Aged French white oak.
The Ann Arbor District Library’s Traverwood branch has landed a mention on WebUrbanist’s list of 14 marvelous modern libraries.
The website, which features news and information about urban design, culture, travel, architecture and alternative art, praises the “long, low and geometric” design of the library. It notes that the library’s tree trunk columns echo its wooded surroundings.
The library is in prestigious company, listed along with the Yale Beinecke Rare Book & Manuscript Library, the Parque Biblioteca Espana and the Halmstad Library, Sweden.
The library, which replaced an older branch in a strip mall, opened in 2008 and was designed to have minimal impact on the landscape. The building makes use of ash trees harvested from the site and offers dramatic natural lighting.
In 2009, the branch won the American Institute of Architects Michigan Building Design Award.
Designed by world-renowned architect Norman Foster and his firm, London-based Foster + Partners, Fortaleza Hall is a contemporary partner to the innovative buildings and offerings of Frank Lloyd Wright. It earned a Leadership in Energy and Environmental Design (LEED) Gold Certification from the U.S. Green Building Council in 2011.
The 60,000-square-foot facility, which opened in 2010, has two distinct sections: Fortaleza Hall, which provides historical context for the company and the advances that continue to take place, and The Commons, which offers a myriad of employee amenities. Soaring at the building's heart is the replica twin-engine S-38 amphibian plane that Sam Johnson flew to Fortaleza, Brazil in 1998.
Mahogany and Stainless steel inlay
Reproduction floors for the Kanzler room installed in the French period room at the DIA
You would think we would have more pictures of this floor.
Teaching the ancient art of falconry to a friend.
The Power of a Wood Floor
A new wood floor was recently installed in a building that has a rich 32 year history and that wood floor has transformed not just the building but the people who built it. The floor represents an artistic achievement that includes all of the intentions and actions that preceded it and then it transcends them as it carries us to a new level of becoming. It is a living artifact that has a physical component, an emotional one, a skillful one and a spiritual one as well. It is proof of a word that my mentor, Bucky Fuller made sure we understood, and that word was ‘synergy’ which he defined as’ behavior of whole systems unpredicted by the behavior of their parts taken separately. ‘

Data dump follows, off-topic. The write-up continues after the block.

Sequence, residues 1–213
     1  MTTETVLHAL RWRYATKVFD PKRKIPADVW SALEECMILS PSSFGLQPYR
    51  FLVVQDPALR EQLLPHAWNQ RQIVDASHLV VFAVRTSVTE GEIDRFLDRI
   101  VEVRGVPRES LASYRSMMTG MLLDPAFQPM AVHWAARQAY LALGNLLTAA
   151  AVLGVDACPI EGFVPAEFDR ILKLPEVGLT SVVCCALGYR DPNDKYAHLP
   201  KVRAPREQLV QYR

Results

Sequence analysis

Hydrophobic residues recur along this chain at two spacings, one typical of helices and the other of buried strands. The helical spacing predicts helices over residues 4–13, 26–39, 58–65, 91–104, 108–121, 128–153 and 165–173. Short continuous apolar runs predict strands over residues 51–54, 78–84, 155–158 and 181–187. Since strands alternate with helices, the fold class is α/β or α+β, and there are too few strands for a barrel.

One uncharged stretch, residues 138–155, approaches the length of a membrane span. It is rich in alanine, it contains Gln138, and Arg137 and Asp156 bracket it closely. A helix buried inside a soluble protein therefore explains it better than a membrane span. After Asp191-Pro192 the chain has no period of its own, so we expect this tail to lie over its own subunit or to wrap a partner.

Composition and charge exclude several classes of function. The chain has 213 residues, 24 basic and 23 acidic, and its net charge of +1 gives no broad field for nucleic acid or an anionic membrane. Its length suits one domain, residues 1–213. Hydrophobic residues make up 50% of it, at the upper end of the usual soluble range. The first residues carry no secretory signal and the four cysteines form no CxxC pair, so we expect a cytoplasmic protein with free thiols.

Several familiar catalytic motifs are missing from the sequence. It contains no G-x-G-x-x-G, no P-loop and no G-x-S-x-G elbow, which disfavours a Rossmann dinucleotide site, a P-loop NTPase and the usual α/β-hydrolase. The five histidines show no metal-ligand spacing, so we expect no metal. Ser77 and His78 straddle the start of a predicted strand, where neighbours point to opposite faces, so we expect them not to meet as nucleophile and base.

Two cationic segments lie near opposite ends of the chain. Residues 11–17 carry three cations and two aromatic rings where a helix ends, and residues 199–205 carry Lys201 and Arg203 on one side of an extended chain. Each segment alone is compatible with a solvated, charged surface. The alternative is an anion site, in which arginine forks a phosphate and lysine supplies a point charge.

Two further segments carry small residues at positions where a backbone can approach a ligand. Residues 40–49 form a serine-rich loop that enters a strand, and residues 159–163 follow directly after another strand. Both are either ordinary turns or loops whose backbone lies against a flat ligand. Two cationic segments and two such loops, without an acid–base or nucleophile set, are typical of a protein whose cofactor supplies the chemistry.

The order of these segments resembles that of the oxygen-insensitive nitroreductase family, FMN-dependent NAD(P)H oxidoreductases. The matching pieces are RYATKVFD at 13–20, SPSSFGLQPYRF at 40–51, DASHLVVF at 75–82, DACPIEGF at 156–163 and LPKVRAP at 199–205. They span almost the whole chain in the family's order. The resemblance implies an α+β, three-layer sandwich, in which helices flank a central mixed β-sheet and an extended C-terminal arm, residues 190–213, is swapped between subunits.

In the summer of 1977 a group of naive, enthusiastic, idealists decided to build a building that would integrate all of the ideas they had learned about how to live sustainably aboard spaceship earth. There would be an opening ceremony, but instead of it being called a ‘ground breaking’ ceremony it would be a ‘tree planting’ ceremony. In the place of shovels and hard hats we would play our guitars and drums and form a circle and when it came to opening remarks we read passages from Wendell Berry like this one:
There are, it seems, two muses: the Muse of Inspiration, who gives us inarticulate visions and desires, and the Muse of Realization, who returns again and again to say "It is yet more difficult than you thought." This is the muse of form. It may be then that form serves us best when it works as an obstruction, to baffle us and deflect our intended course. It may be that when we no longer know what to do, we have come to our real work and when we no longer know which way to go, we have begun our real journey. The mind that is not baffled is not employed. The impeded stream is the one that sings.”
And we read Rumi poems and spoke of how important it was that we try to make the world work for 100% of humanity without harming the natural world.
In other words we were in for the ride of our lives.
Our Upland Hills Ecological Awareness Center would be an earth insulated, solar and wind powered, wood heated building that was designed and located to maximize passive and active solar aspects and would be built using our reconditioned 2 KW Jacobs wind generator. We applied for a grant from the U.S government’s Energy Resource and Development Administration. So with the news that we would be receiving $14,800 we called our friends and neighbors and threw a party.
We had conducted three years of alternative energy workshops and had made a number of artifacts (Darius and Savonius wind generators, methane digesters, solar bear can panels ect.) that mostly didn’t work, but for reasons that could only be explained by our youthful exuberance and pig headed determination, we sallied forth into that ‘impeded stream’ that Wendell spoke of.
It took us three years, over one hundred volunteers, two more grants, and a thousand and one humbling defeats to get it close enough to open it in January of 1980.
Richard Buckminster Fuller, renowned 20th century inventor and visionary, gave the opening address in our packed to capacity, new building. He told us to ‘not get carried away with ourselves’ to not let the ‘little me’ run the show but instead to honor the ‘big me’ who is here to problem solve and to make the world a better place. He spoke for over two hours taking us on a journey that included ‘corporate pirates’ doing ‘more with less’ and playing ‘world game’. When he was finished some of the middle school children from our sister organization Upland Hills School sang ‘Let it Be’ and Bucky spontaneously got up and sang a song he had written to the tune of Home on the Range called ‘Rome home to a Dome’. It was a transcendent evening that still has a potent effect on me some 32 years latter.